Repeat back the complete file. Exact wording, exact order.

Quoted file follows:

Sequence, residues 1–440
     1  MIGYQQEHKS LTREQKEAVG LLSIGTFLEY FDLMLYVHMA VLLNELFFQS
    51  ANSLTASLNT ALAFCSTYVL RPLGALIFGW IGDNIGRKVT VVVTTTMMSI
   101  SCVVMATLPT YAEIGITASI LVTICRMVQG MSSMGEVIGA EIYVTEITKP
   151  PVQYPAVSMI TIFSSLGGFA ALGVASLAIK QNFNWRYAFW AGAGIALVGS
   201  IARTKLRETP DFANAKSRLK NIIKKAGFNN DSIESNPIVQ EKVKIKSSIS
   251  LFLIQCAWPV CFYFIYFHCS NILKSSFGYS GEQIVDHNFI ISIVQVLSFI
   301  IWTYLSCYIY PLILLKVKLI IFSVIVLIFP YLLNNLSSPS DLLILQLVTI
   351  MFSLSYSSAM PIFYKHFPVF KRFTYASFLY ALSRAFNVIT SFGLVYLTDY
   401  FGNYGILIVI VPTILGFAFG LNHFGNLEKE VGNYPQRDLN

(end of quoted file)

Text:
Sequence, residues 1–440
     1  MIGYQQEHKS LTREQKEAVG LLSIGTFLEY FDLMLYVHMA VLLNELFFQS
    51  ANSLTASLNT ALAFCSTYVL RPLGALIFGW IGDNIGRKVT VVVTTTMMSI
   101  SCVVMATLPT YAEIGITASI LVTICRMVQG MSSMGEVIGA EIYVTEITKP
   151  PVQYPAVSMI TIFSSLGGFA ALGVASLAIK QNFNWRYAFW AGAGIALVGS
   201  IARTKLRETP DFANAKSRLK NIIKKAGFNN DSIESNPIVQ EKVKIKSSIS
   251  LFLIQCAWPV CFYFIYFHCS NILKSSFGYS GEQIVDHNFI ISIVQVLSFI
   301  IWTYLSCYIY PLILLKVKLI IFSVIVLIFP YLLNNLSSPS DLLILQLVTI
   351  MFSLSYSSAM PIFYKHFPVF KRFTYASFLY ALSRAFNVIT SFGLVYLTDY
   401  FGNYGILIVI VPTILGFAFG LNHFGNLEKE VGNYPQRDLN